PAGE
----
HomeBlogThe Healing Journey, Part 3

The Healing Journey – Part 3

By Tara McGee, MSW, RSW, Dip TIRP Psychotherapist, OCSWSSW Yoga Therapist, IAYT

Remaining dedicated, focused and moving in the “right” direction can be difficult to do especially on our own. When I went to India to study yoga, the way the class was run was that there were at least 100 people in the class with waves of students piling in after I was done my practice. Each student had been given a yoga practice by their teacher, they had memorized the practice and were all doing the yoga practice to the best of their ability at their own pace. The teachers would circulate around the class adjusting people’s postures, adding or subtracting postures to practices, and developing relationships with the students. Because everyone came daily, and the teachers were interacting with them rather than leading the class, the teachers were able to get to know everyone. Yoga is relationship and the student/teacher relationship is an essential aspect of this. 

I remember one pivotal moment in my practice and relationship with my teacher. When I first got to India I could not go into or hold headstand at all. When it came to this part of my practice I had to skip it or just stay in the preparatory pose. One of the teachers (Sharath Jois) became aware of this and every day he would come over to my mat when I was setting up for the pose and he would assist me to come into headstand and stay there. He was dependable and was always there to catch my feet when they flew up into the air. Even in a class of over 100 people, he knew to make his way to me and when. One day, he didn’t show up. That was the day I was able to move into headstand on my own and to confidently hold the pose. At the end of the class when I went to thank him, he said in a very excited tone, “You did it!” He was watching and he knew when I was ready for him to step away – he was attuned. That built my confidence in myself, and in the idea that practice, with support, and all is coming (Pattabhi Jois).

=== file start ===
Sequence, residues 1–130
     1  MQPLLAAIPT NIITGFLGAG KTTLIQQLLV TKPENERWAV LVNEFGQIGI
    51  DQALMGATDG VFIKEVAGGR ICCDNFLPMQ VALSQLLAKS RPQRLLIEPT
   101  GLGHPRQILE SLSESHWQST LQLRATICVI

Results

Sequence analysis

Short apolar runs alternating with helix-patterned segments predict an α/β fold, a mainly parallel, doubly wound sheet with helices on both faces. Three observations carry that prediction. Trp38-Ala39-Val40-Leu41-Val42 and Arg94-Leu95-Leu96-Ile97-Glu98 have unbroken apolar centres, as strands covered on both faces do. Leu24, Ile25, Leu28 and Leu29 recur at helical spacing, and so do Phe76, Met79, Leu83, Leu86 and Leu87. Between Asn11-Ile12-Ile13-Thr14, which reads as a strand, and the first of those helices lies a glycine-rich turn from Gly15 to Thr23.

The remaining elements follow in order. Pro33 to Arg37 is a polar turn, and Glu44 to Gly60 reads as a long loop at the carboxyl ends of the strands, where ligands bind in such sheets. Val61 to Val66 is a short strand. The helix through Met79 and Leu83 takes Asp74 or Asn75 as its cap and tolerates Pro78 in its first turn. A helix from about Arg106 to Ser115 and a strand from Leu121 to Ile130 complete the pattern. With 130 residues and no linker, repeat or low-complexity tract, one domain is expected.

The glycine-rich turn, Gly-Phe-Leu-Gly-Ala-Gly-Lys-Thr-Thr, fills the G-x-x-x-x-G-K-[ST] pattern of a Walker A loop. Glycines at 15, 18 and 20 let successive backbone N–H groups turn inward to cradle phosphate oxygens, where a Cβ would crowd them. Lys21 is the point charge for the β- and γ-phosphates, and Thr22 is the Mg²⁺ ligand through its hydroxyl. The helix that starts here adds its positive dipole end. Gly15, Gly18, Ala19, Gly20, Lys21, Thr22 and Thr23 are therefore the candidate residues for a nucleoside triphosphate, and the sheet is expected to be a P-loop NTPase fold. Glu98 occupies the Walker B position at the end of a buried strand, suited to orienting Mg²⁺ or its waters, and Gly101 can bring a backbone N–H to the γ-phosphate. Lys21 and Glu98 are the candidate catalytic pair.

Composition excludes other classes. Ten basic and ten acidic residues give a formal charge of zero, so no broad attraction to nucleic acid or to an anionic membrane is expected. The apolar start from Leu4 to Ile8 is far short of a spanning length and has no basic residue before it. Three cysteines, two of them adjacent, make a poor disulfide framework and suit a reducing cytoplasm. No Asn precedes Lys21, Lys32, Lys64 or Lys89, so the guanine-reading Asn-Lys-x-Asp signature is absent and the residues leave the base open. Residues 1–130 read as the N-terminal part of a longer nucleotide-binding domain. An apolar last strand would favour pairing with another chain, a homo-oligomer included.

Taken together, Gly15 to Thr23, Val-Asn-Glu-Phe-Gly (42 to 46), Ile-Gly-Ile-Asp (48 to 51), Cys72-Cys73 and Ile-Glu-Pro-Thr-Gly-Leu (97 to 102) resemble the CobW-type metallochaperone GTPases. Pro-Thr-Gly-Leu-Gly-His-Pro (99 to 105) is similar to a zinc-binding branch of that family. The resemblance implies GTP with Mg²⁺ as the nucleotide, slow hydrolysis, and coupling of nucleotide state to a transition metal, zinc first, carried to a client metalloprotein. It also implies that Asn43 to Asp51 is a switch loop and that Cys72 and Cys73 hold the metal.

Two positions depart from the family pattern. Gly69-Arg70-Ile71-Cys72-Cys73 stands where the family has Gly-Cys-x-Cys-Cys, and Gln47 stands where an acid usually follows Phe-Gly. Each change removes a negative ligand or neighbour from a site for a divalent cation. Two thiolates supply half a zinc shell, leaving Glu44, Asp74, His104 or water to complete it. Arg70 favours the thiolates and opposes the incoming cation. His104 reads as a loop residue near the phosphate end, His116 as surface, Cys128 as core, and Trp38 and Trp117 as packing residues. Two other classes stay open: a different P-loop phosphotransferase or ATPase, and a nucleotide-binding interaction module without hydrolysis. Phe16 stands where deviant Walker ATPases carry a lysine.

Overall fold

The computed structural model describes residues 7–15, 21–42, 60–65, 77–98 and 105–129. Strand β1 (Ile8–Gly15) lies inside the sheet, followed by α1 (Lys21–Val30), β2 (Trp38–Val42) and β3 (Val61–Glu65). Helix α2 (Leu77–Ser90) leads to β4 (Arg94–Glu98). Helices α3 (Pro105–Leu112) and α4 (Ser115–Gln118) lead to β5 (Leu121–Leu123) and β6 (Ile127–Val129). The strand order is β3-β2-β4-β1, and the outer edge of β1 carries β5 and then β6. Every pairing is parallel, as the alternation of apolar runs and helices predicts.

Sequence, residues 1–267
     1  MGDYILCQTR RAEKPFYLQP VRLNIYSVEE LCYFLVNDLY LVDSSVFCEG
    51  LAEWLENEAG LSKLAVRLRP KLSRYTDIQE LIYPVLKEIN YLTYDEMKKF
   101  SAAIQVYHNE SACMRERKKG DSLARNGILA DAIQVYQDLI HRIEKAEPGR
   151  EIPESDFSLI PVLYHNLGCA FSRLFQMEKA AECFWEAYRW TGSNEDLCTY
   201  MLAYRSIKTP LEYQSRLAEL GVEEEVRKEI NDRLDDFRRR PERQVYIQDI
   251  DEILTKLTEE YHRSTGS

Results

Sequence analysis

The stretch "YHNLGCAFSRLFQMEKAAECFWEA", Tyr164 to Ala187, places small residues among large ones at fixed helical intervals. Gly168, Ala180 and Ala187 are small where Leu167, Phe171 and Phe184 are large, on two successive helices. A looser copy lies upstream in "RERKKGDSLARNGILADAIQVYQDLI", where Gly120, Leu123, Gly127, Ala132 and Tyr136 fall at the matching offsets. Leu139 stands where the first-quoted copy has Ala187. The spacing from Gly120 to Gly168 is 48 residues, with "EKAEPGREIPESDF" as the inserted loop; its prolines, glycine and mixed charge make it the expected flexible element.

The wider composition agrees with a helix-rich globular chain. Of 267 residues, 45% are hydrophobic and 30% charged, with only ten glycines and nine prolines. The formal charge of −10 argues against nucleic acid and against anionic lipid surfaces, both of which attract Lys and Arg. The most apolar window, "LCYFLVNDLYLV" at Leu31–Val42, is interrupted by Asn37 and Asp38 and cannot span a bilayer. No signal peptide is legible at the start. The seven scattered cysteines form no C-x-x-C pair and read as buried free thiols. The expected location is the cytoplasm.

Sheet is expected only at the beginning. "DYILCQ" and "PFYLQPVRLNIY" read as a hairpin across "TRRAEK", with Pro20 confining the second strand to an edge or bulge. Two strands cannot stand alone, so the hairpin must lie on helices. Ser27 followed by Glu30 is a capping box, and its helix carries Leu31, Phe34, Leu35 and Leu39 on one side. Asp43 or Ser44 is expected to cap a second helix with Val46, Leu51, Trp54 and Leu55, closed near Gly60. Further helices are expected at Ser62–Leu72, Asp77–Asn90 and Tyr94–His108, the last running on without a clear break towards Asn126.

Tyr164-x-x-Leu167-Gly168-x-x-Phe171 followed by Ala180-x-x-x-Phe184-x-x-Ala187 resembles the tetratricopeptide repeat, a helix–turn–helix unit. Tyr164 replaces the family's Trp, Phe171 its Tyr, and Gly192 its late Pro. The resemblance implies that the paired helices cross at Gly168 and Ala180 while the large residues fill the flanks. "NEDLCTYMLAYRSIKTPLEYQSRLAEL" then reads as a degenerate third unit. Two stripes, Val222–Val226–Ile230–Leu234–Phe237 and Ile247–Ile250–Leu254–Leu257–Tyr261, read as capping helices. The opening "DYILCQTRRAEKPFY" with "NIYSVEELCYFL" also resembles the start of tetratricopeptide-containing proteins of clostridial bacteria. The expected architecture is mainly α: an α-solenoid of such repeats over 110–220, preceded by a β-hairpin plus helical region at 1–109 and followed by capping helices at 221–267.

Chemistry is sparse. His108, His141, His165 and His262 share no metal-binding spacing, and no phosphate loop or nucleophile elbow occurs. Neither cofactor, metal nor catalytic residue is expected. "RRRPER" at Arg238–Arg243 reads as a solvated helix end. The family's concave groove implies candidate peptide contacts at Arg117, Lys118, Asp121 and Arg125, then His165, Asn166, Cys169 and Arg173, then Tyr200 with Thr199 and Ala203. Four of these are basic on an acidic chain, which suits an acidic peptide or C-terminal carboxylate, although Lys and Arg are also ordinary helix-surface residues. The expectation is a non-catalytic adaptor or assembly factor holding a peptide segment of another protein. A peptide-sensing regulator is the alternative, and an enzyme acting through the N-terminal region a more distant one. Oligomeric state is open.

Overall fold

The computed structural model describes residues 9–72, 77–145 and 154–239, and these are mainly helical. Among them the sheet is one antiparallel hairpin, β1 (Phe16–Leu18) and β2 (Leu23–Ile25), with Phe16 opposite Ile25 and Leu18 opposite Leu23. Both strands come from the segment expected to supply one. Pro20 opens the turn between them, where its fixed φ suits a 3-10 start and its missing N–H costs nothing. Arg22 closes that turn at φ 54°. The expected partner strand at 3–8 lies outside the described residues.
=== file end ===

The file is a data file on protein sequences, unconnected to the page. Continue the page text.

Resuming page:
The point I am trying to make is that I believe that healing requires guidance from a person who is more advanced than you in the modality and their own healing journey. It requires guidance from a person you can develop a relationship with over a long period of time so that they can get to know you, attune to you and assist you to develop where you need to. It requires a community to support you to keep moving even when it is boring, feels hopeless or you feel inadequate to keep going. In Western culture, our healing practices are held inside this space of privacy, isolation, shame and hiding from everyone else. So many people try to get healing from random snippets they see on YouTube or go to various classes, never getting to know their teacher. But to me, this is not the healing journey, this is a superficial grasping at straws that is not in the “right direction, for a long time, with devotion and enthusiasm” or with the right relationship to self or to a teacher.  

The Importance of Cultivating the Use of Self

The relationship is so important because a teacher who is attuned can act as a mirror, reflecting all aspects of ourselves, even those we cannot see ourselves and might prefer not to. They can then use this observation to create practices to help us move into the parts of us we cannot see or that we want to avoid. This is where the healing is needed. Often, left to our own devices, we choose practices that align with our most predominant energy. For instance, if we have an A type personality, we will likely choose yoga classes that are strong energetically and difficult. However, someone who has an A type personality and is feeling stressed would likely need to balance this energy with more relaxation, softening, restoration and rest. They would not choose that practice on their own as they may feel it is too boring and unproductive, but if they had an advanced teacher, the teacher could develop a practice for them that would balance their constitution to reduce the tensions they create during their day. This would result in more balance and resolving of issues they may face that come from being too activated for too long. They would likely need support, encouragement and someone to hold the faith that this practice will help them, just as Sharath held the steady faith that I would one day achieve headstand with practice. This is what sparks the devotion and tenacity that is needed to persevere towards healing. 

A community of people devoted to their own healing can also provide powerful support to keep going. I practiced “Mysore” style Ashtanga yoga for 15 years – where students come to class during a window of time and do their own personal practice from memory. Walking into a Mysore room, generally early in the morning, where tens to hundreds of people were practicing, sweating, breathing rhythmically, focused and devoted, I would get hit with an energy that was unlike anything I had ever felt before. It was an energy that would inspire my practice and my energy would become a part of the wave being generated by this collective of people on healing journeys. It was very powerful to begin every day in that room filled with rhythmic, energetic, heart-centred devotion of the community. It is something I miss sincerely since I moved out of Toronto and it is the vision I hold for the type of yoga/healing community I aspire to generate through CPYC. 


Check out the final part (Part 4) coming soon. Tara Tara